My understanding is that saccades are made when a foveally-based visual word-form resolution event has occurred, and because we don’t know from parafoveal preview what the n+1 or n+2 word is. The reason why some words are skipped and why the next saccade will go to the n+2 word instead is because of the anticipatory structure of sense-following which seems to be oriented to bringing substance words into view.
A basic principle for me is that, though the unit of perception is typically the word, rapid automatic visual word-form resolution requires robust perceptual discrimination affordance at least to the level of role-units / letter parts / features. I take this to be confirmed beyond the shadow of a reasonable doubt by Pelli’s work. Luckiesh expresses this by laying emphasis on the visibility or clear seeing of the critical details as a first reqirement for ease of reading.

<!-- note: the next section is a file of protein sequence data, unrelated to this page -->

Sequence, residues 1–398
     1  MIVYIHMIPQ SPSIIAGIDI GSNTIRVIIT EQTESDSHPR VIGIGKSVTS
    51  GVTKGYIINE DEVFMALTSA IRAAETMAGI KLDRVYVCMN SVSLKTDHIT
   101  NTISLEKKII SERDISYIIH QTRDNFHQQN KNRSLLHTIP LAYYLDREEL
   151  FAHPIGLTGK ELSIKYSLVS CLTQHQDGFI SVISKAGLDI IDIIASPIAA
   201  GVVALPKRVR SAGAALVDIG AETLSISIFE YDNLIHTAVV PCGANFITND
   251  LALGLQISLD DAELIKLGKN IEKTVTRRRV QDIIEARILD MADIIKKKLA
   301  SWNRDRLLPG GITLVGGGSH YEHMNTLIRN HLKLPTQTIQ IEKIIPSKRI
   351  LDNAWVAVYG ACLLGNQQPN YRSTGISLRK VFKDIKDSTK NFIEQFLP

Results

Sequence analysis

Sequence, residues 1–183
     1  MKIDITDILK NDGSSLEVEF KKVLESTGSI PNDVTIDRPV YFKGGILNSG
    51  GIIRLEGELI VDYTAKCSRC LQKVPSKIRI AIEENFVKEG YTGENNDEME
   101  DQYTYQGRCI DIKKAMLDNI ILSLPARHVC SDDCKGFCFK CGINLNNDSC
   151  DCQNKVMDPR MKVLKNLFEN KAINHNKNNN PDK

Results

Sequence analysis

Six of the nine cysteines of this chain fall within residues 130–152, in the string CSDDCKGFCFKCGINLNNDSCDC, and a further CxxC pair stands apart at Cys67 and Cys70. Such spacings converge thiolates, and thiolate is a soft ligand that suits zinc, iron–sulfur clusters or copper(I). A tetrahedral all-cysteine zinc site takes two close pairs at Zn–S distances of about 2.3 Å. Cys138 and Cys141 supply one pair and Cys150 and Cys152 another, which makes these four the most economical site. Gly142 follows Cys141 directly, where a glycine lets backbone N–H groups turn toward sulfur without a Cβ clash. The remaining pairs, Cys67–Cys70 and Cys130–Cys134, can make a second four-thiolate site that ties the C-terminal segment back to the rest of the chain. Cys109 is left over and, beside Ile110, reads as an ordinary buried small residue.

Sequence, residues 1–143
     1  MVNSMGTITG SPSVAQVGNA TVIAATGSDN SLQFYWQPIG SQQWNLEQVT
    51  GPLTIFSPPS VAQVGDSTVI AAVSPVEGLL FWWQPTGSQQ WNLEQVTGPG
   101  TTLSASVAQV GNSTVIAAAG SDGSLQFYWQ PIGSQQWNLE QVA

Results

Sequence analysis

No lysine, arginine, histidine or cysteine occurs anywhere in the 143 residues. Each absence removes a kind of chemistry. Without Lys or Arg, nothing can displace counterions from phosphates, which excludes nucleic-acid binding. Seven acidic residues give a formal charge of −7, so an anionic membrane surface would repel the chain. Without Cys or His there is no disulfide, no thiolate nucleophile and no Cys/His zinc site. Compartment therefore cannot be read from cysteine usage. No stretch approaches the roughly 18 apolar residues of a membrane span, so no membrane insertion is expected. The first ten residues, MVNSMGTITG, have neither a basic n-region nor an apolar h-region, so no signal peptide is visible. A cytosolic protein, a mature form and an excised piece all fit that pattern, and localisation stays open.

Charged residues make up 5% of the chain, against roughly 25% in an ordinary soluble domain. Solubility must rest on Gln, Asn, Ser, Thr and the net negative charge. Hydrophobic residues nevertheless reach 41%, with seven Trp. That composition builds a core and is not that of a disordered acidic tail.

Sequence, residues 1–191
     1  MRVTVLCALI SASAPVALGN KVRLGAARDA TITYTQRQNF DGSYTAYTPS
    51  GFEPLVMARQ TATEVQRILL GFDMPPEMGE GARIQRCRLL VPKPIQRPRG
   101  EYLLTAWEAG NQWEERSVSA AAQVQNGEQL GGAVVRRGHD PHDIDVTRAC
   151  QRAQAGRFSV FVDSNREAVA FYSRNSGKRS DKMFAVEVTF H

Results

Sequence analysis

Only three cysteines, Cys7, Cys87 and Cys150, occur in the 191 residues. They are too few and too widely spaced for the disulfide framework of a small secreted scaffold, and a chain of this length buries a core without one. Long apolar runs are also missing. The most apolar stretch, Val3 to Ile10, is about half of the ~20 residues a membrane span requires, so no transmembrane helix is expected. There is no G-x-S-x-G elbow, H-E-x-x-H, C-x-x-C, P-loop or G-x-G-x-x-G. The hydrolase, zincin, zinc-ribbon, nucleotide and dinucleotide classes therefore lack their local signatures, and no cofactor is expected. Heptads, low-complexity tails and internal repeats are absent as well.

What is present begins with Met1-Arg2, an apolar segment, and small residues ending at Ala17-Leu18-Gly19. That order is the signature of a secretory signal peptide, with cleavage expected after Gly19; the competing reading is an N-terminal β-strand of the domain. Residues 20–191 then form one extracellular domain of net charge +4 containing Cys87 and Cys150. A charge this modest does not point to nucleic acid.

Earlier I wrote: “upper limit saccades are, if I'm not mistaken typically followed by regressions.”
Hrant contested this.
In his comprehensive 1998 review article “Eye Movements in Reading and Information Processing: 20 Years of Research” [available here] Keith Rayner writes: “[…] saccades vary from 1 to over 15 letter spaces. […] Saccades as long as 15 letter spaces are quite rare and often occur immediately following a regression in which readers typically make a long saccade to place the eyes ahead of where they were prior to making the regression.”
1) You said long saccades are typically followed by regressions.
2) Things like "rare", "often" etc. leave room for what I'm saying.
3) What about between 5 and 15?
From where I stand I see no proof that the parafovea
cannot read boumas, and some evidence that it can.